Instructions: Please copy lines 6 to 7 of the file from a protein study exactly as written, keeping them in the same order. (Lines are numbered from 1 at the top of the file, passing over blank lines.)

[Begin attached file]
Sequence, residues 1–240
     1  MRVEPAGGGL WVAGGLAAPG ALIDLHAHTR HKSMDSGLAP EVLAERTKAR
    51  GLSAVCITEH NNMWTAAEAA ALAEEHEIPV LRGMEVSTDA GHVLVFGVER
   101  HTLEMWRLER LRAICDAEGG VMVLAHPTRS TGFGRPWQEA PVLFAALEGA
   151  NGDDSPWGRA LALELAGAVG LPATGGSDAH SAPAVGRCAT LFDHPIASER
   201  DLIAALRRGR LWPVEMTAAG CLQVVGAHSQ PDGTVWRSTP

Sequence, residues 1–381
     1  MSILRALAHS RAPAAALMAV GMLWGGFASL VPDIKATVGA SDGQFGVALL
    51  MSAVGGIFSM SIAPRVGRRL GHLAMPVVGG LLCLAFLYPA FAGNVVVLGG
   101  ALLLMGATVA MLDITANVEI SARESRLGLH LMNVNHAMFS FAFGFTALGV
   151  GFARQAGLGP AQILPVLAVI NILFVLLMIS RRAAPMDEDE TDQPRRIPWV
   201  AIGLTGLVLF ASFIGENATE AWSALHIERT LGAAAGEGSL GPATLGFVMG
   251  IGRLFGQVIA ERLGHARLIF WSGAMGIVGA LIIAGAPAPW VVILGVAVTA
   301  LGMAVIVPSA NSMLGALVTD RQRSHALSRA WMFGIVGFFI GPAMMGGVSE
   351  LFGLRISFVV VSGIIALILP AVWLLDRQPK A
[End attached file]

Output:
   201  DLIAALRRGR LWPVEMTAAG CLQVVGAHSQ PDGTVWRSTP

Sequence, residues 1–381